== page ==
Rockville, Md. – A new study published in the Centers for Disease Control and Prevention’s Morbidity and Mortality Weekly Report shows that parents’ attitudes toward vaccinating children younger than five have shifted over time, initially rising and then dropping, but their overall intent was higher than other national published rates. The study of the Pediatric Research Observing Trends and Exposures in COVID-19 Timelines (PROTECT) cohort in Arizona, Florida, Texas, and Utah is the first study over time of parent perceptions toward the COVID-19 vaccine in those young children. This study uses data that was collected from July 2021 to May 2022. Seven Abt Associates staffers were among the report’s authors.
Initially, of the 393 parents participating, 64 percent indicated they were likely to vaccinate their child younger than five, while 19 percent were unsure, and 10 percent were unlikely. Three months after enrollment, the odds of parents opting to vaccinate dropped 20 percent, while parents were 39 percent less likely to consider the vaccine effective and 35 percent were less likely to consider it safe. Parents also were 51 percent less likely to trust the government. That was true even though evidence shows the vaccines are both safe and effective among children.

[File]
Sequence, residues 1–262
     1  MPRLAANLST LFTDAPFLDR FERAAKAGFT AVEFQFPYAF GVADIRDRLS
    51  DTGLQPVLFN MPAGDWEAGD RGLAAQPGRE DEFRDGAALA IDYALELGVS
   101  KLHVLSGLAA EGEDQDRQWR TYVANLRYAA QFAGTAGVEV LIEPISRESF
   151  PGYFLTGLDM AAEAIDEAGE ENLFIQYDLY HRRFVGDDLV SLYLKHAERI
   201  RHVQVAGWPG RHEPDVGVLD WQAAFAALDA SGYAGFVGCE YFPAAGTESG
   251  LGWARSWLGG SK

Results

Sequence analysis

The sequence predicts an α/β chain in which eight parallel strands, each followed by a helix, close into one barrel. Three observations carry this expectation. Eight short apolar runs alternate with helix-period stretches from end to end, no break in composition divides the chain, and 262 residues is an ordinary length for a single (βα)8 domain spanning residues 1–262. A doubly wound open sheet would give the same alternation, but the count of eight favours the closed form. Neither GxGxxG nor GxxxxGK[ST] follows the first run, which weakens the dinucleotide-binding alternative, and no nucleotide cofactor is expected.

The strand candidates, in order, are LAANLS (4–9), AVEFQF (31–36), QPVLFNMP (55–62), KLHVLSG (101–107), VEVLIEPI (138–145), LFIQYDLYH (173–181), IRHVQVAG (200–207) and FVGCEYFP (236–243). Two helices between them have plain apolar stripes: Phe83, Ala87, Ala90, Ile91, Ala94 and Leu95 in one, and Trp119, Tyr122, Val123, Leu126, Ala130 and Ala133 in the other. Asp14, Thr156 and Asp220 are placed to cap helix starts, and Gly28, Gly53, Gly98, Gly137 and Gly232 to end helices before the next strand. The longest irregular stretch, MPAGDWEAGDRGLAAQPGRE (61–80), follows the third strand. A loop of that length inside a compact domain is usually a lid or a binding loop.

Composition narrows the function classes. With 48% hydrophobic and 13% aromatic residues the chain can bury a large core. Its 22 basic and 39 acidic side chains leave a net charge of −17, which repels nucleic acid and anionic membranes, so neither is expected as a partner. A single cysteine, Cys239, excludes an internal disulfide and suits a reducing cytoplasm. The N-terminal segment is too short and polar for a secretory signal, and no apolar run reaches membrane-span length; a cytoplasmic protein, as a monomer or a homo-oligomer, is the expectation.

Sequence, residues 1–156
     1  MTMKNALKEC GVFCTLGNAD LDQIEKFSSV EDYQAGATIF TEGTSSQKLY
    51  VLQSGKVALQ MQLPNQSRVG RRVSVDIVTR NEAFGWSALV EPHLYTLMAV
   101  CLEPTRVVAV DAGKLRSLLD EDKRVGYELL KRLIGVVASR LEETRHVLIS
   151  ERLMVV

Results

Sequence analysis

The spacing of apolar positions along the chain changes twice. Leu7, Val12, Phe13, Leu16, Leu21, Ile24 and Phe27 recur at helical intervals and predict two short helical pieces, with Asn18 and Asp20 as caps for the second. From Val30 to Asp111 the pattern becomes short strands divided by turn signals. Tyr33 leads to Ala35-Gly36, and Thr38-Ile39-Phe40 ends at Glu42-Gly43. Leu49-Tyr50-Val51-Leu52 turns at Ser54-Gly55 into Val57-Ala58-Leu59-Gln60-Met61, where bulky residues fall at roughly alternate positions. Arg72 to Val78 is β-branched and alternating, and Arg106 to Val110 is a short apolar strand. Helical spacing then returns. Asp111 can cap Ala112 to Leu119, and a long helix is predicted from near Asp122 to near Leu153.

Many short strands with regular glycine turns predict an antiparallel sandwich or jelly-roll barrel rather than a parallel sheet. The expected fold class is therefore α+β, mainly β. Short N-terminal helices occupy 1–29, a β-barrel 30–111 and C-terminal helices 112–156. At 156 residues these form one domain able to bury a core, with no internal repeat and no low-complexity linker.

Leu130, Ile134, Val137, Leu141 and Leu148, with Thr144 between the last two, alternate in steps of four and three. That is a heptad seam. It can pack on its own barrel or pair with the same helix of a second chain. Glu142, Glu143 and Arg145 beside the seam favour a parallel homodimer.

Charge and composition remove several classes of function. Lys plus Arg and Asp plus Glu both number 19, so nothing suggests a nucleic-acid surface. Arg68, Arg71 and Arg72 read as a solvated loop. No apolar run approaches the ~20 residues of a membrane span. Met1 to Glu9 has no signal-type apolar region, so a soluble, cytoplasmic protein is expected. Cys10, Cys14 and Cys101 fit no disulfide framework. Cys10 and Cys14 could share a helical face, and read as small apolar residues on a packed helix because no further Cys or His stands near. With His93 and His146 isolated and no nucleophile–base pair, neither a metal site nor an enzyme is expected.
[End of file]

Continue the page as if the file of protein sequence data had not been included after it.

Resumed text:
Six months after enrollment, unadjusted models showed parents’ intent to vaccinate and perception of safety increased, but not after adjusting for such factors as testing positive for SARS-CoV-2 before the survey’s completion, age, sex, race, ethnicity, health insurance, and site.
Multiple factors could have produced the drop-in vaccination support. They include conflicting news reports of vaccine availability for this age group; positive SARS-CoV-2 test results during the observation period, which could reduce parents’ perceived need for vaccination; and news of lower estimates of vaccine effectiveness for older children at the beginning of the omicron surge.
“We need to continue to understand the factors that influence parents' hesitancy to have their children younger than five vaccinated against COVID-19," says Gabriella Newes-Adeyi, Abt’s Principal Investigator for the study. “Vaccines won’t stop infections, but they’re the best protection we have against serious illness.”
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